Tuesday, March 3, 2015

It's a Scam

I was going to write "Capitalism is a scam" for the title, but, as bloody, inhuman and monstrous as capitalism was and is, even Karl Marx realized it released enormous amounts of productivity. (Whether we're all the better for what we've been able to produce is an interesting argument, but one I don't want to enter into here.)

But if capitalism wasn't wholly a scam, it's certainly the case that the present manifestation of it is. As this article: "Europe's Debt: Lies & Myths" by Conn Hallinin shows, the present austerity being forced upon ordinary people in Greece (and Ireland, Italy, Spain, and Portugal) is a con-job. The banksters are taking advantage of a financial crisis brought on by their own greed and incompetence and criminality, and using it to weaken the European working class by blaming it on socialism.

A few choice bits:
The European debt crisis goes back to the end of the roaring ‘90s when the banks were flush with money and looking for ways to raise their bottom lines. One major strategy was to pour money into real estate, which had the effect of creating bubbles, particularly in Spain and Ireland. In the latter, from 1999 to 2007, bank loans for Irish real estate jumped 1,730 percent, from 5 million Euros to 96.2 million Euros, or more than half the GDP of the Republic. Housing prices increased 500 percent. “It was not the public sector but the private sector that went haywire in Ireland,” concludes Financial Times analyst Martin Wolf.
Spain, which had a budget surplus and a low debt ratio, went through much the same process, and saw an identical jump in housing prices: 500 percent.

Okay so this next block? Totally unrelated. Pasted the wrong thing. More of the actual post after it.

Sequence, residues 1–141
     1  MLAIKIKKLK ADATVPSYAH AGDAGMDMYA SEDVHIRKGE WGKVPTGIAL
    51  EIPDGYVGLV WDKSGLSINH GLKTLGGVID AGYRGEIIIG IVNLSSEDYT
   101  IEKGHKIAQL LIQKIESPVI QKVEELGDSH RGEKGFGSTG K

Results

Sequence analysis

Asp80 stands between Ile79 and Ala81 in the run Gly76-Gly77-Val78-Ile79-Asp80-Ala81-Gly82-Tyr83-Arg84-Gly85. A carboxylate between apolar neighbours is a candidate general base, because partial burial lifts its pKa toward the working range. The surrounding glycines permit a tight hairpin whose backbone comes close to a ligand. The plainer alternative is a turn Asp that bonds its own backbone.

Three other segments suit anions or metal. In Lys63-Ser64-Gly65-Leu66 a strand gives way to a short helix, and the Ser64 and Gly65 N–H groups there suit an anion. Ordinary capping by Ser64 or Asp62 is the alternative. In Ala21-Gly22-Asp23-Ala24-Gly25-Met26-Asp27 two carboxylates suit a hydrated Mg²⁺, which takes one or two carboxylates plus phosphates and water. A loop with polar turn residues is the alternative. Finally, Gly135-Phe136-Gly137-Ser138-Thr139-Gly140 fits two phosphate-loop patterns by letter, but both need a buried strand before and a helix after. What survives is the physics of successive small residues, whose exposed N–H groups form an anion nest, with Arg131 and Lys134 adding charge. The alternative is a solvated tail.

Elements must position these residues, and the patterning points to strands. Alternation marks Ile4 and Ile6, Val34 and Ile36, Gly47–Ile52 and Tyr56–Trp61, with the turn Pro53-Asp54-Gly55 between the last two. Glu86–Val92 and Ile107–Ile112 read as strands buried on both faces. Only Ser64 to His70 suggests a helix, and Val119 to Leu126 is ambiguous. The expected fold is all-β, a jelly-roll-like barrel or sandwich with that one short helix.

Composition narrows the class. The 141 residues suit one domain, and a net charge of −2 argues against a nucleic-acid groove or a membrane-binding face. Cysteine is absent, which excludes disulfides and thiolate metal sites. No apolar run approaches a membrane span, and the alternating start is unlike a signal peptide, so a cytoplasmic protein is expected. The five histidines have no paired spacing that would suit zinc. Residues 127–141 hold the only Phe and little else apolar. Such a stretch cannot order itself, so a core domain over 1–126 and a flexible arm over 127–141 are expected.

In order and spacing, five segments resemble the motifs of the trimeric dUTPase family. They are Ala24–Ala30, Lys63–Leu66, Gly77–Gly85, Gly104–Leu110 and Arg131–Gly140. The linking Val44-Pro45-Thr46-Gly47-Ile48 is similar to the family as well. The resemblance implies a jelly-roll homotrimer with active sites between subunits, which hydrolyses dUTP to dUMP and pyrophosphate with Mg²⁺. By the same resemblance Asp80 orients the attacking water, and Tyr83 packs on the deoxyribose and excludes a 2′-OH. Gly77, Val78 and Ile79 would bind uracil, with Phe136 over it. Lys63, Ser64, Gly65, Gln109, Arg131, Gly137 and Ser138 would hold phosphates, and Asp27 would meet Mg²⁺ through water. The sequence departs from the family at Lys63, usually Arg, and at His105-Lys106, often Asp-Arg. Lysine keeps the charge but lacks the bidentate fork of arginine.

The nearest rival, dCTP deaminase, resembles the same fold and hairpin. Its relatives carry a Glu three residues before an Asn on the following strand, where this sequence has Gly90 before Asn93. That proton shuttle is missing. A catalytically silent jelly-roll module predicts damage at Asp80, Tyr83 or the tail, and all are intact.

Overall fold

In both countries there was corruption, but it wasn’t the penny ante variety of tax evasion or profit skimming. Politicians—eager for a piece of the action and generous “donations”—waved zoning rules, environmental regulations, and cut sweetheart tax deals. Hundreds of thousands of housing projects went up, many of them never to be occupied.
Then the American banking crisis hit in 2008, and the bottom fell out.
Poor Portugal. It had a solid economy and a low debt ratio, but currency speculators drove up interest rates on borrowing beyond what the government could afford, and the European Central Bank refused to intervene. The result was that Lisbon was forced to swallow a “bailout” that was laden with austerity measures that, in turn, torpedoed its economy.
There was a “score” in Greece. However, it had nothing to do with free spending, but was a scheme dreamed up by Greek politicians, bankers, and the American finance corporation, Goldman Sachs.
Greece’s application for EU membership in 1999 was rejected because its budget deficit in relation to its GDP was over 3 percent, the cutoff line for joining. That’s where Goldman Sachs came in. For a fee rumored to be $200 million (some say three times that), the multinational giant essentially cooked the books to make Greece look like it cleared the bar. Then Greece’s political and economic establishment hid the scheme until the 2008 crash shattered the illusion.

Now, perhaps a magazine like The Economist, which is basically the mouthpiece of the London financial sector, has an alternative point of view. I'm sure they do. I've been toying with the idea of dismantling their editorials as a semi-regular feature. But the problem with that is that I used to do that a lot in the 1990s, and I have a hard time mustering the enthusiasm to look at their (often pathetic) rationalizations and obfuscations again. The fact of the matter is the alternative point-of-view is bullshit. Just like the global warming deniers, the Chicken-Little screams of Saddam Hussein's "Weapons of Mass Destruction," and the cynical/stupid utterances of the harper cabal. It's all crap. It's all a crude scam.

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